Peter Pan is currently enjoying a critically acclaimed but maddeningly short run at the Open Air Theatre. (I understand the logistical reasons behind back-to-back productions in Regent’s Park, but I do miss a summer repertory that allowed more time for audiences to book and catch up.)
You only have until 14 June to see this Peter Pan, and you really should because, no matter how well you think you know JM Barrie’s classic story about the “the boy who wouldn’t grow up”, you will be surprised by what you still have to learn about it.
“You think you know Pan? You don’t know Pan. If other productions of his drama about the Boy Who Wouldn’t Grow Up were this good, it surely wouldn’t have faded into pantomime hell…” – Andrzej Lukowski, Time Out
First and foremost, did you know that JM Barrie wrote Peter Pan as a metaphor for the “war to end all wars”? Of course, you did. It’s obvious: the Lost Boys are the “lost generation” of the conflict, the mothers who leave their windows open for boys who will never come home are the grieving parents of the war dead, the fairy dust is the deadly mustard gas that allowed young soldiers to fly away from the battlefield and to the heaven of Never Land….
“The Great War pervades Never Land, from judicious period musical choices to army props and the elegant paralleling of Mrs Darling waiting for her children and soldiers’ families awaiting their return from the Front; both experience re-entry problems. The innocence of the lovably puppyish Lost Boys’ war games is lost, and the clarity of honour decimated.” – Marianka Swain, The Arts Desk
Okay, actually, that’s not quite true. Whatever Barrie’s imaginative powers, Peter Pan premiered in 1904, a full ten years before the start of World War One.
But Timothy Sheader and Liam Steel’s ingenious production will have you checking your dates (as I did). This is a director’s concept that fits the story, and the backstory, so frightening well, that’s it’s hard to imagine that it’s not exactly what the original writer intended.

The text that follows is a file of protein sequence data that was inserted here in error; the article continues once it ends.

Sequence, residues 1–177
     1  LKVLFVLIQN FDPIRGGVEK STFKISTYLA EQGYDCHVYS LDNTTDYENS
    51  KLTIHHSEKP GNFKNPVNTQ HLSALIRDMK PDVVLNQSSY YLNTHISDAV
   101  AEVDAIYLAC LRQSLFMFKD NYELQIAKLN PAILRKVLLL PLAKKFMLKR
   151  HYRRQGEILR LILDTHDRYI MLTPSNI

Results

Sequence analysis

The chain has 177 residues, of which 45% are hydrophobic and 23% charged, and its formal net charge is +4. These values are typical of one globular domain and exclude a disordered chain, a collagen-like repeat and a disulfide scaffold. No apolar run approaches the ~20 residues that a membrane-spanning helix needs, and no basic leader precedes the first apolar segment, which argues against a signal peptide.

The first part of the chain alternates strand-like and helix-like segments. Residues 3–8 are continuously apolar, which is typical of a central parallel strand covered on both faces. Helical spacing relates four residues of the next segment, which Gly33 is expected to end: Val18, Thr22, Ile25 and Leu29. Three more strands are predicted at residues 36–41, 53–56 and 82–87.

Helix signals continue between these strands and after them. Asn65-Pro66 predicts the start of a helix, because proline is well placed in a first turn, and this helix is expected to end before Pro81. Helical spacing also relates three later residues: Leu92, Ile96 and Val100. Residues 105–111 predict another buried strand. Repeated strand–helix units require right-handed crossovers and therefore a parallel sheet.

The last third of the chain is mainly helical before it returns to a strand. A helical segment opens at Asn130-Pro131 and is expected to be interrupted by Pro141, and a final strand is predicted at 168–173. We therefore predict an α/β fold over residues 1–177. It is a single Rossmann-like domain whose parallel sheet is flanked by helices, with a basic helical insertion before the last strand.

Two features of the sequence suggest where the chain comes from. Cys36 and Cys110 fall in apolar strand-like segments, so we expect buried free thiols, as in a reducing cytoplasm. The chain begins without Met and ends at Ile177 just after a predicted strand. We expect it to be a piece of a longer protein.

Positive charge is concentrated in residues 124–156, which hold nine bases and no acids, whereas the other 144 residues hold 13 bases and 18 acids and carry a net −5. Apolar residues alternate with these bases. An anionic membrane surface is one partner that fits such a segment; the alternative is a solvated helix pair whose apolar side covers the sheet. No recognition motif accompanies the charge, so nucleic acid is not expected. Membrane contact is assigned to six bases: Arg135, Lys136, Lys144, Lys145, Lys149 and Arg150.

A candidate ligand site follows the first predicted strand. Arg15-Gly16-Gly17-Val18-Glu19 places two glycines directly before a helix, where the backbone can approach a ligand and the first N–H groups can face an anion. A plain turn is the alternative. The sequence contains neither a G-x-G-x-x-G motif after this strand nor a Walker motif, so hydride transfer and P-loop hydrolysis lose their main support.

Sheader and Steel took as their inspiration for this radical Peter Pan re-imagining, the real-life fate of three of the four Llewellyn-Davies boys, who were Barrie’s inspiration (and, later, his wards, after their mother died) for the Neverland fantasy. Boys when he first conceived Peter Pan (who first appeared in his 1902 novel The Little White Bird), they were prime military service age when war was declared.
“The rationale behind this version is that the Llewelyn Davies boys who inspired the story were directly affected by the war and that a whole generation learned the tragic absurdity of Peter’s proud vaunt: ‘To die will be an awfully big adventure.'” – Michael Billington, Guardian
The two Llewellyn-Davies eldest, George and Peter (yes, the real-life Peter), volunteered. George was killed by a sniper in the trenches at Ypres in 1915, aged 21. Peter suffered severe post-traumatic stress disorder and was invalided out of the war after the Battle of the Somme in 1916.
Even back on the homefront, tragedy for the lost Llewellyn-Davies boys continued. The youngest of the original four, Michael (you see where Barrie got all his characters’ names, right?), died by drowning (a suspected suicide) in 1921 at the age of 20, while a student at Oxford.
“The staging revels in derring-do while also demonstrating how adventure stories framed the ideals of the boys who would grow up but never grow old.” – Sarah Hemming, Financial Times
And, as heart-wrenchingly portrayed by Ben Whishaw in John Logan’s 2013 play, Peter and Alice, Peter Llewellyn-Davies continued so suffer – from the horrors of the war, the loss of his family members, the pressure of Pan – for the rest of his life until he threw himself in front of a train at Sloane Square in 1960.
Beyond the press release, and the battlefield nurse on the show’s poster, the Park has been careful not to give too much away about how this vision of the piece is realised. Amongst the selection of production shots on offer, there are no pictures of the tunnels of trench that ring the stage, the bombed out walls of the church-turned-battlefield hospital, the gasmask-wearing mermaids and myriad other uses of wartime tools and weapons to create the tarnished spectacle of Neverland.
So, you’ll have to just go – quickly, quickly – in order to see it for yourself.